But calling Scott Gray's alcohol-and-suicide-drenched lyrics "cutesy" indicates that Stuffco was probably busier thinking up clever shit to write like, "Oh yeah, I'm gonna say he sounds like Lisa Loeb! Burn!" than actually listening to the show.
Damned if I don't feel like the next time I get off the train in Toronto I'd like to plow Stuffco in the mouth.
That's just not Birthright
Hey, Now, what gives? In the second time in as many months, I've noticed, in a newspaper that supposedly supports women's rights, an ad for Birthright (NOW, January 27-February 2)! Birthright has tirelessly striven to undermine the legislation making abortion safe and legal.
The group uses pressure tactics and misinformation. It has remained consistently silent regarding violence perpetuated by other anti-choice groups against abortion providers. How do you think your women readers feel seeing these ads?
Pol not the one mixed up
As a homeowner on Sixteenth Street trying to stop the Toronto Redi-Mix concrete batching development in south Etobicoke, I was disappointed by your decision to focus on our councillor (NOW, January 20-26) instead of on the real issues at hand: cement batching and road salt distribution a mere 100 metres from a beautiful residential neighbourhood - and the fact that Toronto Redi-Mix decided to build first and get its permits later.
An archaic zoning bylaw that fell through the cracks when Etobicoke was swallowed up by the megacity and the attitude of big business have caused the problem, not our councillor's lack of action.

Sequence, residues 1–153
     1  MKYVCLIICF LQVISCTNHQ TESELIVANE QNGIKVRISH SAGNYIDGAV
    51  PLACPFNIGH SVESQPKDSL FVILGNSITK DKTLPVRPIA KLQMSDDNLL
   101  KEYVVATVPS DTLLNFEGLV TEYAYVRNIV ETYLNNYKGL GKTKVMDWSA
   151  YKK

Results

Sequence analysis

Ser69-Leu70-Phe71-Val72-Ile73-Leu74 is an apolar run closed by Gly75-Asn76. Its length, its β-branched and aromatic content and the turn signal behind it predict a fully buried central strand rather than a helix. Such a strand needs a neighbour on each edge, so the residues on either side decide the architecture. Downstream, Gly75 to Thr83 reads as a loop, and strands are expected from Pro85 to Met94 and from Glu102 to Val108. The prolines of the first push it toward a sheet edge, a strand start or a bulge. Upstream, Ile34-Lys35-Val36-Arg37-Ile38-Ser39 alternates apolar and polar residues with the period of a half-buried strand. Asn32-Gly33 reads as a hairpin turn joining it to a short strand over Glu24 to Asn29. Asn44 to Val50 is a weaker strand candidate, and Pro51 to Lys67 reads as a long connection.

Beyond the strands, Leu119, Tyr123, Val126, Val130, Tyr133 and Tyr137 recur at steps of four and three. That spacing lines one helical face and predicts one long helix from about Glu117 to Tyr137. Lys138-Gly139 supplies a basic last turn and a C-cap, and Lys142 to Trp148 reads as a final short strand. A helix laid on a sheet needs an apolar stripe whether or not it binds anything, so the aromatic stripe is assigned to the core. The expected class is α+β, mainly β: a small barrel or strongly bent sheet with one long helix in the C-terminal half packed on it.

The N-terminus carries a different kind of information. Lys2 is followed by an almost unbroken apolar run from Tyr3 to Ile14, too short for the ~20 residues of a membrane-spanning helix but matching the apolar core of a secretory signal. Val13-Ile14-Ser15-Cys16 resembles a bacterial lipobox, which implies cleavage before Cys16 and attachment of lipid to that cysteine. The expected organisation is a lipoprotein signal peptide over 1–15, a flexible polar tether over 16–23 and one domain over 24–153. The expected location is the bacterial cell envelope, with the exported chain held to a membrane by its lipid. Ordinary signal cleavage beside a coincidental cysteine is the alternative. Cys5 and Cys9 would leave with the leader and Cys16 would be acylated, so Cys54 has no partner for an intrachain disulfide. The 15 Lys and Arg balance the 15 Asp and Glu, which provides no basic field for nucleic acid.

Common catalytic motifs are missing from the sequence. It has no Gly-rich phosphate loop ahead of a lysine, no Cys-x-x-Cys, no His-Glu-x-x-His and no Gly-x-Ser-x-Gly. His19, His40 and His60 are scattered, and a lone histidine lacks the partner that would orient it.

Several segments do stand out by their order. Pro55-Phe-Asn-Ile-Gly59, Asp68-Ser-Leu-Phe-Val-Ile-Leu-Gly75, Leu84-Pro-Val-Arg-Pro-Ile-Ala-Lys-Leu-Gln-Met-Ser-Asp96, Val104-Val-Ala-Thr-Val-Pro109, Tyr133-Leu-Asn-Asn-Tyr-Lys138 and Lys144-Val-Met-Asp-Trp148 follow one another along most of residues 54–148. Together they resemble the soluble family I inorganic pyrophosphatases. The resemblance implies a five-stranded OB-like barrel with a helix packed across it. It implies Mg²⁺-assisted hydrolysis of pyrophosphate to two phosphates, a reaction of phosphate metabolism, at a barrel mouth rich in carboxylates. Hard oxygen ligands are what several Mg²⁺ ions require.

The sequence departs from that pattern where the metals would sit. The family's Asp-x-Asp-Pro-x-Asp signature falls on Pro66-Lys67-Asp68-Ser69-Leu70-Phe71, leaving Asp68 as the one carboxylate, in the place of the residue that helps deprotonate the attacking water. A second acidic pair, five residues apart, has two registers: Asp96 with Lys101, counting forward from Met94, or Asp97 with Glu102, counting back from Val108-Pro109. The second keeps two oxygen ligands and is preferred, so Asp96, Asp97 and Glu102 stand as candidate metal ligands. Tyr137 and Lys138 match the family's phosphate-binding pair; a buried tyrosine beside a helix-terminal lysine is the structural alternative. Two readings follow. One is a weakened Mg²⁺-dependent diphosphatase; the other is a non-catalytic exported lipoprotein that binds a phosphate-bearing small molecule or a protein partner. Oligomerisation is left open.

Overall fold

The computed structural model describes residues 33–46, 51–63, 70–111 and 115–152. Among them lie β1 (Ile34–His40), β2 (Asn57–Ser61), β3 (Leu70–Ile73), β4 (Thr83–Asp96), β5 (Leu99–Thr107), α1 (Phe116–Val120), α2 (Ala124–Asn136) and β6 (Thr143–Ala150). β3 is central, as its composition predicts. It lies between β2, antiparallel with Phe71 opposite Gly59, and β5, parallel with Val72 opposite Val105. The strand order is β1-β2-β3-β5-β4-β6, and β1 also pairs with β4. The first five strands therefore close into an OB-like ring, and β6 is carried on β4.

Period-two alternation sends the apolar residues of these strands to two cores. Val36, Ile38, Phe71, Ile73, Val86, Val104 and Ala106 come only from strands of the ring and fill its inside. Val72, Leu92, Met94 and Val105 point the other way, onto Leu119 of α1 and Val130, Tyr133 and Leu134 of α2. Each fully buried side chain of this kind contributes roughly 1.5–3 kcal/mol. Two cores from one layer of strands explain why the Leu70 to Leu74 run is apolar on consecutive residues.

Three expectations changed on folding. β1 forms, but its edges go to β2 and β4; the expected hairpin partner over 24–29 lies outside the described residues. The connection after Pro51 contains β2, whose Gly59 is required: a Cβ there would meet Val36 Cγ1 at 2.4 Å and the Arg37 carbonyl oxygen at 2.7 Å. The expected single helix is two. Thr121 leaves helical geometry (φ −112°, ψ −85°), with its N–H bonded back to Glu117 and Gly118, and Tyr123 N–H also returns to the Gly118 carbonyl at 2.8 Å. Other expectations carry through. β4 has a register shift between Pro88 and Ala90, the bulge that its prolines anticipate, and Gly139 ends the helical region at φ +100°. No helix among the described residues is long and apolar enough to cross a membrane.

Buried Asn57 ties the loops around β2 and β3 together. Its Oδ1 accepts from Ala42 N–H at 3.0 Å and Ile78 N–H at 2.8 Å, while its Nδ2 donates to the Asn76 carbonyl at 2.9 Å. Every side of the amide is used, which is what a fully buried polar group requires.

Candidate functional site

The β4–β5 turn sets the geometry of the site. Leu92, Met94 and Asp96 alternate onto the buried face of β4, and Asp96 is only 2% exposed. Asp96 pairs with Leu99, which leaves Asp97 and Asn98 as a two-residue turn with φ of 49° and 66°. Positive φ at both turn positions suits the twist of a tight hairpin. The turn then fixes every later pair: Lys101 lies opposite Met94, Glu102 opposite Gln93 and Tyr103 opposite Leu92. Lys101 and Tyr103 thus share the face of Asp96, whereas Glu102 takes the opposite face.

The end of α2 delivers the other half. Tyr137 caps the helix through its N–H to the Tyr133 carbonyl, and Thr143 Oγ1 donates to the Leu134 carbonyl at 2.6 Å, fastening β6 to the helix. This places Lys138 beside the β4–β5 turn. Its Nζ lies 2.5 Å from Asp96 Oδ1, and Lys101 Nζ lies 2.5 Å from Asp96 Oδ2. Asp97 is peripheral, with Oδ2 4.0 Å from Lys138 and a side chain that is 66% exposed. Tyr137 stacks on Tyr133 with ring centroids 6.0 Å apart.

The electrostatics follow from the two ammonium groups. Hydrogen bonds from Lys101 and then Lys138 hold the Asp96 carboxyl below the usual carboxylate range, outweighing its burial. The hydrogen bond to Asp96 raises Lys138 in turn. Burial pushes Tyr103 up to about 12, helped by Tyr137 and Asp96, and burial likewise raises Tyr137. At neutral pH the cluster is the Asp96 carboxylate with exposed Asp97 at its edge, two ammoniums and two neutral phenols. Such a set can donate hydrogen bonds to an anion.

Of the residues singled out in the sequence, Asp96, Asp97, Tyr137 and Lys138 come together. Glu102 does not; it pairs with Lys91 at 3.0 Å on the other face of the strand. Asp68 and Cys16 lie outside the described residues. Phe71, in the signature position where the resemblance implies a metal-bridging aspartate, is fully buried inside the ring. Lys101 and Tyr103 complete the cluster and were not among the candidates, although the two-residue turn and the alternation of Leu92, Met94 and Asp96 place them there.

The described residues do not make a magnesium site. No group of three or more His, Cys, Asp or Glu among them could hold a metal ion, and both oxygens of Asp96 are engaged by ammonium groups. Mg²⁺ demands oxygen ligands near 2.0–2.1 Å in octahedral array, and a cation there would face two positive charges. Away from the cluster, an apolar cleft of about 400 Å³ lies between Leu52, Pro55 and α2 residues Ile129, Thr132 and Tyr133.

I agree with Izida Zorde that Western democracies prefer election outcomes that favour pro-Western forces (NOW, January 20-26). But I don't see why she's troubled by the impact of Western observers in Ukraine. The first two rounds of the elections had been unfair and fraudulent.
I'm also troubled by Zorde's placement of "freedom" in quotes. Ukrainians in the Soviet period may have had a more certain economic and social system. They were, however, subject to arrest and imprisonment for their political views. (Dissidents died in camps as late as the mid-1980s.) They were lied to about the Chernobyl nuclear disaster, and their children were marched through the nuclear dust on May Day parades five days after the explosion.
Tsunami by the numbers
David Morley of Doctors Without Borders Canada correctly points out that the world's generosity in response to the tsunami disaster far exceeds the response for similar death tolls resulting from AIDS or wars in Africa (NOW, January 6-12).